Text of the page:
Yilmaz D, Akin M, Ay Y, Balkan C, Celik A, Ergün O, Kavakli K (2010) A single centre experience in circumcision of haemophilia patients: Izmir protocol Haemophilia. 2010 Nov;16(6):888-91. doi: 10.1111/j.1365-2516.2010.02324.x Abstract available at http://www.ncbi.nlm.nih.gov/pubmed/20491959

Quote:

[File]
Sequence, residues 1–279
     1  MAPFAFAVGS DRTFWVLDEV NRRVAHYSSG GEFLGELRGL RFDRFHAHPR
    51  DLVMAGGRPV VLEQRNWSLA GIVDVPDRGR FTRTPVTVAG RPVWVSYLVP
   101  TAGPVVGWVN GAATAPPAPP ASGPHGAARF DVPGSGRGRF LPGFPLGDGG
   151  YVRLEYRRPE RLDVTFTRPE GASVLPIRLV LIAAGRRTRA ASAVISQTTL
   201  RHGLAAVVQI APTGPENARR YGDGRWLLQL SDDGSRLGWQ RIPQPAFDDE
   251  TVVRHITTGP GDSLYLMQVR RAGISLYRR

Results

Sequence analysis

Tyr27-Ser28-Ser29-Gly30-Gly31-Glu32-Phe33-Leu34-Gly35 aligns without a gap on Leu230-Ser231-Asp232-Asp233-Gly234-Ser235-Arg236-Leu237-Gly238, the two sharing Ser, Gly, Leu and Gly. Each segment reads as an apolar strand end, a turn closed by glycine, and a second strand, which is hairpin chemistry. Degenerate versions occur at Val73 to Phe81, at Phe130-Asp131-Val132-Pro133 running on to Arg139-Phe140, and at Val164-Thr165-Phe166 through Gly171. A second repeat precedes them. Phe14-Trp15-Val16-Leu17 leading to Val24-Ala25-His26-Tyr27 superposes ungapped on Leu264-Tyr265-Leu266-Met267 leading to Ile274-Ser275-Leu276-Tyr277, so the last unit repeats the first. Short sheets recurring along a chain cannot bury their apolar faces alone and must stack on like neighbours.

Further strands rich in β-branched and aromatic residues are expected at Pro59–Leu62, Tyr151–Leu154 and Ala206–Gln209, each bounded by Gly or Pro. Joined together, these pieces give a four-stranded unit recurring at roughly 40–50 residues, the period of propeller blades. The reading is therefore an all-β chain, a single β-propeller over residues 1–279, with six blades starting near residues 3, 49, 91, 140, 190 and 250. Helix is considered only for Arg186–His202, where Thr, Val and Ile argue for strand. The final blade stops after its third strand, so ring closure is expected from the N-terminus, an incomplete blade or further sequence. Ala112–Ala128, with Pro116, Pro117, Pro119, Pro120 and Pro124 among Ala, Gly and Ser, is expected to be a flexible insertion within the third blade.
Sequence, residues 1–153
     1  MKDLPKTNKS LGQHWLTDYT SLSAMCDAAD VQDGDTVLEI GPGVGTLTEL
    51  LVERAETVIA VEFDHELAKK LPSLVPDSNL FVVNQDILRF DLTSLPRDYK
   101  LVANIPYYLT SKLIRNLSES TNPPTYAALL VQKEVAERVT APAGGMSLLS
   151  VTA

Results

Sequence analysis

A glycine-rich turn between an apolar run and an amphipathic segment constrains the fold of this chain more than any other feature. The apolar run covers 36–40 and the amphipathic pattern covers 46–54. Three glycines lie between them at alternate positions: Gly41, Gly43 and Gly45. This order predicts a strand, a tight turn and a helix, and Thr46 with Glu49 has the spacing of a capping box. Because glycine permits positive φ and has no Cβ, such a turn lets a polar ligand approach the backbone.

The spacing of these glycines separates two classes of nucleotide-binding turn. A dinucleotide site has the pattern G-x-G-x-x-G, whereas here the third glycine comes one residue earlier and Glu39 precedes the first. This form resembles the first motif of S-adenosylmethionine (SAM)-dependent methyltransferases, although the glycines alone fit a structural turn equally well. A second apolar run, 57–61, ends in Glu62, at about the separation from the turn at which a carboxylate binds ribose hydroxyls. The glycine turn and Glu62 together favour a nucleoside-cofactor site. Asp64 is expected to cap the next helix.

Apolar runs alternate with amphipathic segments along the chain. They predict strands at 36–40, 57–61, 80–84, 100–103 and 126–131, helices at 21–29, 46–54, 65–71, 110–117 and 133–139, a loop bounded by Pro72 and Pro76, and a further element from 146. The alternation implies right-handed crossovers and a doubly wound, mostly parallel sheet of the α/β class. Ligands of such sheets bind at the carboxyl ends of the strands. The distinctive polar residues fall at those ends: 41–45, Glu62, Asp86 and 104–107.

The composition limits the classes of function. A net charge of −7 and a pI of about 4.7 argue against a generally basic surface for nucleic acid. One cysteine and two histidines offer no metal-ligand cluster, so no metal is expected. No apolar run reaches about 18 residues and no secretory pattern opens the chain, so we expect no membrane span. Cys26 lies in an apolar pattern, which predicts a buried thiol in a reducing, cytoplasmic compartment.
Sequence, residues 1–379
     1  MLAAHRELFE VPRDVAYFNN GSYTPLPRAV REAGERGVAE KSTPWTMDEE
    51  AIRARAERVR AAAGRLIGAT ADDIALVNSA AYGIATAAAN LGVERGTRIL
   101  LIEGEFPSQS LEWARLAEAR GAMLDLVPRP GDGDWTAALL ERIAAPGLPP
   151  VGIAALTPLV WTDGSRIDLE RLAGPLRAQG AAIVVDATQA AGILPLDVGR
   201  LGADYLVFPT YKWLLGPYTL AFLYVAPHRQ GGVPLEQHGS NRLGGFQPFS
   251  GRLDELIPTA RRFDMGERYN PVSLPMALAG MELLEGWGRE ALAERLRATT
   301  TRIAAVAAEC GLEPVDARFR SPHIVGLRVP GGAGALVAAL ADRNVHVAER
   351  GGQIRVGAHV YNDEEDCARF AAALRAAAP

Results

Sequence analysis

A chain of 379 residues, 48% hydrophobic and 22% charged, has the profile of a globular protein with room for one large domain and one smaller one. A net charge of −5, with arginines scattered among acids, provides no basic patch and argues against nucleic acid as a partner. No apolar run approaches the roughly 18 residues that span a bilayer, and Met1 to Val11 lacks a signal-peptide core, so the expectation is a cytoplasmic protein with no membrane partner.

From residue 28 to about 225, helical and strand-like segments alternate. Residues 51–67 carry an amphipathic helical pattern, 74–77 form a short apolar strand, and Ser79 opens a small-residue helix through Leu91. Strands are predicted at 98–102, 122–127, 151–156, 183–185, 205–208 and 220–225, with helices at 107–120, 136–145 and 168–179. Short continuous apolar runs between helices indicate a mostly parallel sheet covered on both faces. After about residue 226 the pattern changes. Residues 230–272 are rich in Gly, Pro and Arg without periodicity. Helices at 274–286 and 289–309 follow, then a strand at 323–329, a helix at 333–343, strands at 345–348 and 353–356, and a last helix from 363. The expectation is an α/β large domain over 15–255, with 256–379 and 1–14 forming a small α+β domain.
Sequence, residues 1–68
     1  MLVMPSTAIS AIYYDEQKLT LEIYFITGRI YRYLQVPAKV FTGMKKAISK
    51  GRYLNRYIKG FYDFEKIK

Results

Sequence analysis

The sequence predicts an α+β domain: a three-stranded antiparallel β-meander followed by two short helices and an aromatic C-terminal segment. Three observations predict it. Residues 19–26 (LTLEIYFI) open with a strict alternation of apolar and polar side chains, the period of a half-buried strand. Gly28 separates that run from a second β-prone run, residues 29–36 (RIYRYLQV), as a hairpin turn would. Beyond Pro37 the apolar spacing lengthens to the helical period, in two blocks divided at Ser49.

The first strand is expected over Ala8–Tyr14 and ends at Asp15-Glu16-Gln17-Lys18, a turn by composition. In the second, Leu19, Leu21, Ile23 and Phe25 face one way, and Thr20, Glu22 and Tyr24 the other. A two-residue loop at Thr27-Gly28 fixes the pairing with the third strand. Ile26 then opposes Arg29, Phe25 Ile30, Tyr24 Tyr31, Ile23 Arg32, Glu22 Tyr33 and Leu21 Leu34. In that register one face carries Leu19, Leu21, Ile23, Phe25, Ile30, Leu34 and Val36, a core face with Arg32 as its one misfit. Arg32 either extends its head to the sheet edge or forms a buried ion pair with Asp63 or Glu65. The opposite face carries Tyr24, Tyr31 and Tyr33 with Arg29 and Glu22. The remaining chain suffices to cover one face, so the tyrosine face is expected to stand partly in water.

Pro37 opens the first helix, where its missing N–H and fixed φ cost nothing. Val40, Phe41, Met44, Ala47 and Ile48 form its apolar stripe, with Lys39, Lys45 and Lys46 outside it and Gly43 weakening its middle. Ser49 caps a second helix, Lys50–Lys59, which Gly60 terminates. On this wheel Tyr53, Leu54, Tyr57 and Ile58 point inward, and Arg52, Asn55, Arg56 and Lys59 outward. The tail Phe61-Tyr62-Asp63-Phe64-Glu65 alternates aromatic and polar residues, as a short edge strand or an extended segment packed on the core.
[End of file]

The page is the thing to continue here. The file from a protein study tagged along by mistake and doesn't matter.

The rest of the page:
Haemophiliacs and their families consider that circumcision is a very important step to become a member of society and it is a social obligation for men in Turkey. Although bleeding risk is high, almost all haemophiliacs would like to be circumcised in Turkish society. The aim of this study was to evaluate our experience in circumcision of haemophilia patients and define efficacy, safety and complication rates of our protocol, called 'Izmir protocol'. In this study, we retrospectively reviewed medical records of 50 patients with haemophilia who underwent circumcision at our hospital according to Izmir protocol between 1996 and 2009. Oral tranexamic acid and fibrin glue were used in all children. One hour before the operation, first dose of factor concentrate was given. After reaching a plasma factor level of around 90-100%, the prepuce was incised circumferentially and excised using Gomco clamp or open technique under general anaesthesia. Intermittent injections of factor concentrate were given every 12 for 48 h. While the first two doses were given at higher amount to achieve or continue plasma factor level at 90-100%, in the last three doses, the aim was to maintain the plasma factor level at 50-60%. Forty-eight hours after the circumcision, patients were discharged. Three patients (6%) showed bleeding complication and all were resolved easily. All had at least one excuse from the protocol (Lower doses of factor concentrates was used in 2, tranexamic acid was not used in 2). Izmir protocol is safe, cheap and easy to carry out.